Speaking of Art

“What does it mean?” “What was she thinking?” Have similar thoughts crossed your mind as you have wandered through the galleries of an art museum? I think too often, we approach art with the idea that there must be some deep meaning to each work of art, and it’s our mission to try and figure it out. Add your child to the mix, and it might seem even more daunting…if you can’t “get it,” how will your child “get it?”

Let’s break down this myth right here and now. Artists are indeed thoughtful. Many do have particular meanings they want to impart in their work. But the thing about art is that it involves more than just the artist—it involves you. And I believe what you bring to a work of art is just as important as what the artist brings to it. What a work of art means to you does matter.

That being said, those artists are real people with real lives—real emotions, real triumphs, real tragedies. Getting to know them can make looking at their art a new experience.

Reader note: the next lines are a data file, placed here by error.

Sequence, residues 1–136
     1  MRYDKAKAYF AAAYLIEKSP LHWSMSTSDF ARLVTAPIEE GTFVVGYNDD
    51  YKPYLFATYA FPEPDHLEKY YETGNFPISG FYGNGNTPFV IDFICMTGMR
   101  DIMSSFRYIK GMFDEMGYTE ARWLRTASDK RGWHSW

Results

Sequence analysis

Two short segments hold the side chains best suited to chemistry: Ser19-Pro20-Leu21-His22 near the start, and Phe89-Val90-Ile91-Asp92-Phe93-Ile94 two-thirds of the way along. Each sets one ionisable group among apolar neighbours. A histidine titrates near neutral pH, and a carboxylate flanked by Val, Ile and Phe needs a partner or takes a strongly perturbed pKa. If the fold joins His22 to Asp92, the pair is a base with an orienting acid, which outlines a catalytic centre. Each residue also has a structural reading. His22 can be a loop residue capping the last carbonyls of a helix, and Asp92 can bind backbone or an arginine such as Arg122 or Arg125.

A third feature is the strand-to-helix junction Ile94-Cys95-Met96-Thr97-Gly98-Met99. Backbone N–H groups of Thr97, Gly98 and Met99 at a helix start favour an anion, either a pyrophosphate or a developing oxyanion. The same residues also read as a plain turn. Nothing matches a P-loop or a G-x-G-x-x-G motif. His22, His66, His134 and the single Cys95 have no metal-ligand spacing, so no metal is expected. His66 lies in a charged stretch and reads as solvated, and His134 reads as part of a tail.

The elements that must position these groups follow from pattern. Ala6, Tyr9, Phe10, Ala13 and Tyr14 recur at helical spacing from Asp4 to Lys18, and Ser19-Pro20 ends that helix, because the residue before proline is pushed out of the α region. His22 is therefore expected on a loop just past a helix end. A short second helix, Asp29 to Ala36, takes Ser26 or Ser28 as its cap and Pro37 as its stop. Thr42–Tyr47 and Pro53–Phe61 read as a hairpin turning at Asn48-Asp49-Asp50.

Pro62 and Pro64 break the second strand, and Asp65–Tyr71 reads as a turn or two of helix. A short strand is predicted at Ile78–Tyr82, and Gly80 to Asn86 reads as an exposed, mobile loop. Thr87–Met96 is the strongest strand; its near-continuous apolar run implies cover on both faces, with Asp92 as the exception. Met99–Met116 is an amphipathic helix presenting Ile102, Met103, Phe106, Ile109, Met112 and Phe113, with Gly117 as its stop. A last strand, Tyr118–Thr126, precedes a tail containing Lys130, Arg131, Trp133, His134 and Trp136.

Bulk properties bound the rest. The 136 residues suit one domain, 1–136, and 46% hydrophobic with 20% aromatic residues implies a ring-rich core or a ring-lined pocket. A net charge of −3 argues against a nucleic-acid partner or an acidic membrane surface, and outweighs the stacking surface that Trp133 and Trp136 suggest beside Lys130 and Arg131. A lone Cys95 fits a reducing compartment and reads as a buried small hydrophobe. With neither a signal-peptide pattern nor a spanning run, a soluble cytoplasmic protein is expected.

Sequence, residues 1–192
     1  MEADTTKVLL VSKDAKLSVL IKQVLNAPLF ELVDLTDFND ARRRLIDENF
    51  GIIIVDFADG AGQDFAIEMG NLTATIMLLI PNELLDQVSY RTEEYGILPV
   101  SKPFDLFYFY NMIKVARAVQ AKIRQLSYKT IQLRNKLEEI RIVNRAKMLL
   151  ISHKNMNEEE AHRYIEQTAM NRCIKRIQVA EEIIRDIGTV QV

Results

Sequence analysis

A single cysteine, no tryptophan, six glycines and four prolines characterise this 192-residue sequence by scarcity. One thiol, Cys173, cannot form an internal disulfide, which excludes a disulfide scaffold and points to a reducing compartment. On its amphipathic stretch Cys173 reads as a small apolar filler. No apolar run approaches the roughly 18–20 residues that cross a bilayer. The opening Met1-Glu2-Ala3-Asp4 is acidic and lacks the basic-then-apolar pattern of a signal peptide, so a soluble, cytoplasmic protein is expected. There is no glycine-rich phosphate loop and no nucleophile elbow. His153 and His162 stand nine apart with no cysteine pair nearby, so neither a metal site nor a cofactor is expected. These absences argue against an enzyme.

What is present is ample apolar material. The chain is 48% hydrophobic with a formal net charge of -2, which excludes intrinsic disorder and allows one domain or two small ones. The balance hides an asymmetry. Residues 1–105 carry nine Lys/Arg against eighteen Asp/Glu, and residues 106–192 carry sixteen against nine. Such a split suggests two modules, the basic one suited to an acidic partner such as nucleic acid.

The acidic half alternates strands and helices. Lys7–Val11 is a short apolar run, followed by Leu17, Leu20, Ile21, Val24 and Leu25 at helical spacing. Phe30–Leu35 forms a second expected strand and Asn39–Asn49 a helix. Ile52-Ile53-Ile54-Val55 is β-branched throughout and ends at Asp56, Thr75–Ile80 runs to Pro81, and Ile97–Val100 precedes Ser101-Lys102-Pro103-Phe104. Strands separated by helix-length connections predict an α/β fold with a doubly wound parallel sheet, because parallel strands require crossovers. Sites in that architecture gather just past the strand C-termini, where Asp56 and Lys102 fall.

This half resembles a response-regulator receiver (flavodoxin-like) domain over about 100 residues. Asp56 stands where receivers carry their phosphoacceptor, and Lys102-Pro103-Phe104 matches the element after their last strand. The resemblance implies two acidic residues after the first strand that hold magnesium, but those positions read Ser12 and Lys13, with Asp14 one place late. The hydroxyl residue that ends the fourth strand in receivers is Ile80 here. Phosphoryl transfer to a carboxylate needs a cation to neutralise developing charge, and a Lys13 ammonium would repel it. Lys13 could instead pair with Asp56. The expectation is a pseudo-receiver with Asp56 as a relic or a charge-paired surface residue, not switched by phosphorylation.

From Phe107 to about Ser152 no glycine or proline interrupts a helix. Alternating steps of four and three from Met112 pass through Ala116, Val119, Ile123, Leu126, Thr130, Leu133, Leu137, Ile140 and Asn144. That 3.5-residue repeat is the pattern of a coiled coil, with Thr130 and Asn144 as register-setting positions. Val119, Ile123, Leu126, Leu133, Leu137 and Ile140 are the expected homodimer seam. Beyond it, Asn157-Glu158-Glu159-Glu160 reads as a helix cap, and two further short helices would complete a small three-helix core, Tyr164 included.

Children’s book writer and editor Bob Raczka has a new picture book that offers quotable tidbits from eighteen different artists to let you do just that. Speaking of Art: Colorful Quotes by Famous Painters is filled with lively reproductions of some of the world’s best-known artists’ work, alongside their own words. From the serious—“The only time I feel alive is when I’m painting” (Vincent van Gogh) to the humorous—“All the good ideas I ever had came to me while I was milking a cow” (Grant Wood), children will get a taste of what the artist themselves thought about what they did.

This book or any other biography of an artist would make a great addition to your next visit to the museum. Tote it along with you as you look at works of art, and encourage your child to not only enjoy looking at the art for him/herself, but to also think about the person behind the art.

Some of my favorites:

Posted by: Leah


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Filed under 6 to 12 year olds, In the galleries

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